by Rabbi Katy Allen
I’ve been thinking about it a lot.
Intellectually, I know I can’t be perfect. Inside me, in hidden spaces, I feel like I’m not supposed to make mistakes. Which would, of course, mean seeking perfection.
Perfection is supposed to belong only to G!d, though I’m not sure I know what that means. Sometimes, when I’m able embrace my humanness, it’s incredibly freeing to acknowledge that I don’t have to be perfect. But I also realize there’s a balance between not trying to be perfect all the time and not trying to never make mistakes.
I experience different kinds of feelings when I think about striving toward being a better person all the time versus when I consider in a particular moment what I need to do to be as whole as possible in a particular instant and situation. Those ways of thinking are very different. Considering the moment, just this particular moment, feels doable. Thinking that I must constantly seek to improve and always strive to do the right thing becomes overwhelming.
As a climate activist, when I consider climate change, environmental injustice, and the destruction of our environments, I can feel that sense of being overwhelmed. Listening to people confidently profess that we can absolutely turn around the course of climate change also feels like a tremendous burden that I cannot bear.
But when I stop trying to seek perfection regarding the planet and justice, I can also let go and feel a release. When I acknowledge that climate change is already happening and communities are already being devastated, and that this is simply our present reality, not my personal responsibility to fix and to create perfection in the world, I can touch my truer better self. I can let go of the weight upon my shoulders.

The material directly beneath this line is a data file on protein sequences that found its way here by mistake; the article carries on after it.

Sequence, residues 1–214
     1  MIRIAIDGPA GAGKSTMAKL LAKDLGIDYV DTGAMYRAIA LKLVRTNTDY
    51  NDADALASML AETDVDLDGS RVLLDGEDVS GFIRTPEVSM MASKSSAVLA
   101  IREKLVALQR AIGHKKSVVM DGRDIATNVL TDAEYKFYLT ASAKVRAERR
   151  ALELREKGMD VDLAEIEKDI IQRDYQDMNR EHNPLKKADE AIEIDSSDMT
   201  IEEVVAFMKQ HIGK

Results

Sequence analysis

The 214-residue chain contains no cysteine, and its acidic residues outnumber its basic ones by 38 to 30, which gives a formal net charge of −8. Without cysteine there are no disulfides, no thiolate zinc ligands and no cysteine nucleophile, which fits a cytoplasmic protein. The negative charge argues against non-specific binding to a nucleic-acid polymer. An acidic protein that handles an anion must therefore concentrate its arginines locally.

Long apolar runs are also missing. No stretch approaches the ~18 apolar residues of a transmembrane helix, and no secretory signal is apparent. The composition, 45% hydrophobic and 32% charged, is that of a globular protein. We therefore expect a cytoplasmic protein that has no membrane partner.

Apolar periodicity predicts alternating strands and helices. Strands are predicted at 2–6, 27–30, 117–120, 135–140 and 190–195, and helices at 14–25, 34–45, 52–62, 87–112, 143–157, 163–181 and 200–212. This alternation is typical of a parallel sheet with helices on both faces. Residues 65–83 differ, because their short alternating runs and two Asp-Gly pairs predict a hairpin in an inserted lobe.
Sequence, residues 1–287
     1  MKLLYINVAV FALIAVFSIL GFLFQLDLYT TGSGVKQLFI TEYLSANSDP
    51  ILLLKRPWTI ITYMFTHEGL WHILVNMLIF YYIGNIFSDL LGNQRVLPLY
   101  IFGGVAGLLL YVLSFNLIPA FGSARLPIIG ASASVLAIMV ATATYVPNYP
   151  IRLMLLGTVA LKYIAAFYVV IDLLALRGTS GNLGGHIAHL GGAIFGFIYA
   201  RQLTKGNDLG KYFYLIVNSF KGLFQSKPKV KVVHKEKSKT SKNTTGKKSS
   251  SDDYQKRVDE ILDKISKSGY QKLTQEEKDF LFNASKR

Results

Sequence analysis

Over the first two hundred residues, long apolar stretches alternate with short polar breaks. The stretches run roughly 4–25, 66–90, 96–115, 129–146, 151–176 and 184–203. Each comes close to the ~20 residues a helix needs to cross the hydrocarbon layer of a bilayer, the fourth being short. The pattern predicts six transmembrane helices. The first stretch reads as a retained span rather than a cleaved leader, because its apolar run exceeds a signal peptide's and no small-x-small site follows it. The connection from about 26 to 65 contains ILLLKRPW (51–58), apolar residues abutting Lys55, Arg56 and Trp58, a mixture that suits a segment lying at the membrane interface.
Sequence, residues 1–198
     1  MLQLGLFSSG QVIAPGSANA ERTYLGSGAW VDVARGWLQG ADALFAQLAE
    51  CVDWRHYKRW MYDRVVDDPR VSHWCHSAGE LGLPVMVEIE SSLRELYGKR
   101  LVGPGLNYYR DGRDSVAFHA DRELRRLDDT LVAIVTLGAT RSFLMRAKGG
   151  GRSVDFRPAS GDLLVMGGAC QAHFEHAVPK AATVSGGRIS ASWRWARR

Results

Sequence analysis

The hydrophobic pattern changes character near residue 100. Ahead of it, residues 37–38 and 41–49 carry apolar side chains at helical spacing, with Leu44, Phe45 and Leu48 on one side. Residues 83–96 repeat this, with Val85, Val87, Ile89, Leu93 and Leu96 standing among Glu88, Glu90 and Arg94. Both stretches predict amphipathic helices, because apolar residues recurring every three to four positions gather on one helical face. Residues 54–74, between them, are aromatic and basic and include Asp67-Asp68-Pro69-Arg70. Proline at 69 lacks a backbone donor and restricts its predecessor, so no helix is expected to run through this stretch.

Neither of these mean that I stop believing we must act, but they take off the pressure. Letting go of a need to achieve perfection in the global sphere makes it easier to breathe and to think just as it does in my personal life.
Beginning during Elul and climaxing on Yom Kippur, Jewish tradition, articulated in our liturgy, makes it abundantly clear that we humans are very far from perfect. This Elul, may I fully embrace that reality. May I enter into this season of reflection and atonement humbly putting aside the need to always be right.
Rabbi Katy Allen is the founder and rabbi of Ma’yan Tikvah – A Wellspring of Hope, which holds services outdoors all year long, and the founder and President pro-tem of the Jewish Climate Action Network-MA. She is a board certified chaplain and a former hospital and hospice chaplain. She received her ordination from the Academy for Jewish Religion in Yonkers, NY in 2005 and lives in Wayland, MA with her spouse, Gabi Mezger, who leads the singing at Ma’yan Tikvah.